Hospital planning for future ‘steady growth’

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  • North Valley Hospital

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    Kevin Abel is the CEO of North Valley Hospital. (Heidi Desch/Whitefish Pilot)

  • North Valley Hospital

  • 1

    Kevin Abel is the CEO of North Valley Hospital. (Heidi Desch/Whitefish Pilot)

North Valley Hospital saw about 1,600 patient admitted to the hospital last year.

The hospital recorded about 8,400 emergency visits, roughly 2,400 surgical procedures and almost 46,000 outpatient and clinic visits, and 550 births last year. For this year, the hospital anticipates those numbers will remain relatively even or slightly increase.

“We’re projecting slow, steady growth,” said hospital CEO Kevin Abel. “We’re going to continue to be a major employer in the community for sure and that’s very typical for most healthcare organizations. We’re expecting a slight increase.”

North Valley on Thursday hosted a community conservation lunch for about 30 people at Grouse Mountain Lodge to provide an update about the hospital and its services.

The hospital has 25 patient beds, but it expects to follow a national trend of seeing the number of outpatient procedures increasing. Technology advances have meant less time spent in the hospital, Abel notes, adding that about 70 percent of patients who visit the hospital are as outpatients.

“We’re seeing more and more services that used to be inpatient only are now as technology changes are outpatient procedures,” Abel said. “As we’re using robotics and minimally invasive technologies those stay times can move toward outpatient time. That’s true of us and true across the nation.”

As for the influx of visitors coming to the area particularly during the summer months. The hospital’s seasonal clinics, like those located at Whitefish Mountain Resort or in West Glacier, are meeting the needs of tourists visiting the area even if patients don’t come directly to the main North Valley campus, notes Allison Linville, the hospital’s marketing and community relations manager.

“That meets the tourist’s needs exactly where they are,” she said.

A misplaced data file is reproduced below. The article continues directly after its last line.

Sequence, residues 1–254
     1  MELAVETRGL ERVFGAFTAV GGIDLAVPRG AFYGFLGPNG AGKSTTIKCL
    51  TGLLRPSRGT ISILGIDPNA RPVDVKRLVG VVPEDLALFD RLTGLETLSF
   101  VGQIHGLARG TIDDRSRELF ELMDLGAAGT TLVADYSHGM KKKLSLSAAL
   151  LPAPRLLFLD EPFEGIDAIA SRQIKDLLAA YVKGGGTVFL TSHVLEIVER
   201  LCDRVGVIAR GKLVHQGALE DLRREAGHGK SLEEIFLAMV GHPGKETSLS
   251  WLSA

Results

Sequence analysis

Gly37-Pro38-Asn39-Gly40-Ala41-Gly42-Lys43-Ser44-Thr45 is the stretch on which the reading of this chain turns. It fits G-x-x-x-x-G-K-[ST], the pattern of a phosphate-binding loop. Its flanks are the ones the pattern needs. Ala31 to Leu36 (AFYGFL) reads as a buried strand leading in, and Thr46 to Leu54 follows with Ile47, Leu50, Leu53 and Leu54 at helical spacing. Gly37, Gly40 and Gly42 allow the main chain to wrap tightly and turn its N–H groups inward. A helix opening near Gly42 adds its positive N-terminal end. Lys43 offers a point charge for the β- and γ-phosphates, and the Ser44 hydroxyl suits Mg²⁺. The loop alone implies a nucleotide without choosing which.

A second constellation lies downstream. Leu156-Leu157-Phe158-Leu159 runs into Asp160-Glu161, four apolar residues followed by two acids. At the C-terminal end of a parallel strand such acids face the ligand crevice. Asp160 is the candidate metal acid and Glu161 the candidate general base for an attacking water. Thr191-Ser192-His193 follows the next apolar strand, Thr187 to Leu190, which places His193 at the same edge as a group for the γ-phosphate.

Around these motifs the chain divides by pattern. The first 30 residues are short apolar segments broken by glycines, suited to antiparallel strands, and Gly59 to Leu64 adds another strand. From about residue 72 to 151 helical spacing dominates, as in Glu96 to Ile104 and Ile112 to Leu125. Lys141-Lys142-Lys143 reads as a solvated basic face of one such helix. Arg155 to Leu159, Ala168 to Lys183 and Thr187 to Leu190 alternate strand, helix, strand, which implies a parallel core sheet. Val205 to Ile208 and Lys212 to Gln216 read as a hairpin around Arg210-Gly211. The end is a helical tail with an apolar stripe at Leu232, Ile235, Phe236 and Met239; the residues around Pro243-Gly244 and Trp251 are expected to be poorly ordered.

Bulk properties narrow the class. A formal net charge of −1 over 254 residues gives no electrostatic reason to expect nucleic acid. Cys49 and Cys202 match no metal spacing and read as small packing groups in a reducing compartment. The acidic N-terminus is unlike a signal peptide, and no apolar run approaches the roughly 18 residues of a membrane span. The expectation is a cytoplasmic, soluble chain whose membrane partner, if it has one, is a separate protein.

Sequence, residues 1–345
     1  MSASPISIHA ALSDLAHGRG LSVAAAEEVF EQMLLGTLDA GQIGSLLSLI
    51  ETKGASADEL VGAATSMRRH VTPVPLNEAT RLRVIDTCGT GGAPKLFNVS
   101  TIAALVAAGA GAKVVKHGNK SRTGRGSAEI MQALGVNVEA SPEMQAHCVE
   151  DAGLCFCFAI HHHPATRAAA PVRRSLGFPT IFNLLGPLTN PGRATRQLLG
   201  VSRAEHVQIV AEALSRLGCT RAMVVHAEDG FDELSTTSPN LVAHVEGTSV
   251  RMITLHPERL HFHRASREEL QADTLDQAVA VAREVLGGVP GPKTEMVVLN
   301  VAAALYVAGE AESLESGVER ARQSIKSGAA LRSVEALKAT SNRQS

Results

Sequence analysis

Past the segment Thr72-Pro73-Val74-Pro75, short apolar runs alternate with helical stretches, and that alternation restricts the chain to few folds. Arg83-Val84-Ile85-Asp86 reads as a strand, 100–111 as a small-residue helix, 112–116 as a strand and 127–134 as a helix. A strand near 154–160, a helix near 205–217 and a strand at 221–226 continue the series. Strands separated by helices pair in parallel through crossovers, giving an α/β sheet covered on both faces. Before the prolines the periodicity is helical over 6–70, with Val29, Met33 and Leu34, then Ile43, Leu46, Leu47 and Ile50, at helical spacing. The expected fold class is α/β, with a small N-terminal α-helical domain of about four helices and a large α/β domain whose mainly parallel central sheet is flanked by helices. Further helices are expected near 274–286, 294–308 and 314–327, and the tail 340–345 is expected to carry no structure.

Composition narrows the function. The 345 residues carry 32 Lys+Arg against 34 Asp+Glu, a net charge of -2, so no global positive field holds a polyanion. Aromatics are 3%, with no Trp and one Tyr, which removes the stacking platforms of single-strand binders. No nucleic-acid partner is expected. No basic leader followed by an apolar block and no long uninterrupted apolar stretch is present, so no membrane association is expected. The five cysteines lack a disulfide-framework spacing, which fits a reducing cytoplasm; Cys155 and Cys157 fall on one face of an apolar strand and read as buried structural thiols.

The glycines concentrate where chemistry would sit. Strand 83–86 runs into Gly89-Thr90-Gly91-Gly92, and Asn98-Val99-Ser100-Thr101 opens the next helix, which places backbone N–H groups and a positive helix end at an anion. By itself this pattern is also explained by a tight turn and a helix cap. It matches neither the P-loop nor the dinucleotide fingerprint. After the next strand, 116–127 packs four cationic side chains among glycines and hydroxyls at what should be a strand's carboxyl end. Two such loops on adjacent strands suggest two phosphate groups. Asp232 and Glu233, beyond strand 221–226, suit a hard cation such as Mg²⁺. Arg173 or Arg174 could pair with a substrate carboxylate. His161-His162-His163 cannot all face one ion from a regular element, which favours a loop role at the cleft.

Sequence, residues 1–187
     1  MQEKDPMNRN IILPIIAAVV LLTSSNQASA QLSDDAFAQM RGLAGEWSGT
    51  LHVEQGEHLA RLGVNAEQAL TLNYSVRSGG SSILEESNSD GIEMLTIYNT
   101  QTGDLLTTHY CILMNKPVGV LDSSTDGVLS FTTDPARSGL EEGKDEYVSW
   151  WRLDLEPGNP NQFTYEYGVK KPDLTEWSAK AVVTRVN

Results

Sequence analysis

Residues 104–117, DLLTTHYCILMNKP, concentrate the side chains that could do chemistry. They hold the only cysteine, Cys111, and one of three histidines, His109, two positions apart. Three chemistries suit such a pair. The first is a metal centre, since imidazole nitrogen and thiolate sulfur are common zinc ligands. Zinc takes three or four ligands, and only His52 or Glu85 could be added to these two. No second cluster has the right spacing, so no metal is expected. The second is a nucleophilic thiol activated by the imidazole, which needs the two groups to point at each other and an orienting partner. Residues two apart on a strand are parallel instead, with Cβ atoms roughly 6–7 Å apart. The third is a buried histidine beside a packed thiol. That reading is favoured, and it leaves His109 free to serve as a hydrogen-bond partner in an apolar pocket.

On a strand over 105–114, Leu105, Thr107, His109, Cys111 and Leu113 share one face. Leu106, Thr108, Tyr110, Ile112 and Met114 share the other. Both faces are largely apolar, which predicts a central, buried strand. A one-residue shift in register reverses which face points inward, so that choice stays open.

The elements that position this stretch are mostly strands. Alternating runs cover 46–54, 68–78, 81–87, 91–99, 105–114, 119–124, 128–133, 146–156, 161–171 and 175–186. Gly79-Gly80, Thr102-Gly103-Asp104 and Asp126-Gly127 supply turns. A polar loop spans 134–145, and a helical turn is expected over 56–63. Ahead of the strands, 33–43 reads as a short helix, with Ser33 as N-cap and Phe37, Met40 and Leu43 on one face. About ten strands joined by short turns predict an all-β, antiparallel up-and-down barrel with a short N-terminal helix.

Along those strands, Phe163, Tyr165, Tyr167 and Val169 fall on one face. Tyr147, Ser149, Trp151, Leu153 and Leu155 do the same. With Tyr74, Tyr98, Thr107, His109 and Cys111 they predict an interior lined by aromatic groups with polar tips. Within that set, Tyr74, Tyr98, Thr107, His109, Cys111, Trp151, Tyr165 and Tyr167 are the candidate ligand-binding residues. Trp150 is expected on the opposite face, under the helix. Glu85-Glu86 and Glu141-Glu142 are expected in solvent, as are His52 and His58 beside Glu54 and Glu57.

One area where the hospital is looking to provide more service also, according to Abel, is in behavior health services.

“We gather information from our community health needs assessment and health department trends and statistics and what that tells us is that with behavior health and physical health we’re seeing more of an integration,” he said. “So we’re adding an advanced practice clinician in our behavioral health.”

Financially, the hospital had a net revenue of $70.5 million for fiscal year 2019 and is anticipating a slight increase at $71.8 million for 2020. Abel said revenue collected by the hospital was 3 percent more than expected last year and expenses were 2 percent less than budgeted.

“It was a good fiscal year for us,” he said.

He pointed to North Valley’s affiliation under Kalispell Regional Healthcare System as providing a sharing of healthcare services, but also a way to potentially save money. About three years ago North Valley joined Kalispell Regional Medical Center and The HealthCenter in operating under the Kalispell Regional Healthcare System umbrella.

“The affiliation allowed us to integrate some back office functions in order to dedicate more to our clinic functions,” he said. “The material managements team has also been consolidated. We’re hoping that we can buy more sutures and Band-Aids by consolidating, and we hope to see the advantages from that for the organization.”

Allan Satterlee, executive director of the North Valley Hospital Foundation, listed many of the accomplishments of the hospital that have been made possible through donations.

“Whitefish is an amazing place to be and it has a culture of philanthropy,” he said. “What’s been accomplished here with private fundraising is pretty amazing.”

Satterlee pointed to two foundation accomplishments of fundraising of $540,000 to fully fund the installation of a 3D mammography machine at North Valley and $52,000 raised to complete a project to pay for mobile simulation lab costs and other education needs.

A remodel project to convert 18 semi-private rooms to private rooms at the hospital is nearly complete. The project will improve patient privacy, Satterlee noted.

The foundation and the hospital have been looking at and implementing ways to serve surrounding communities.

The hospital has created school based clinics in Columbia Falls and Eureka.

The foundation is working on expanding programs dealing with suicide prevention through joint efforts with the Nate Chute Foundation, and is working with Farm Hands — Nourish the Flathead on a pilot program to assist families in accessing healthy food and also growing vegetables and fruit at hospital’s community garden on its campus for programs such as diabetes prevention.

“These partnerships are a great way to expand our programs without adding staff,” Satterlee said.

To view North Valley Hospital’s 2019 annual report, visit https://www.krh.org/nvh/about-us/annual-reports.

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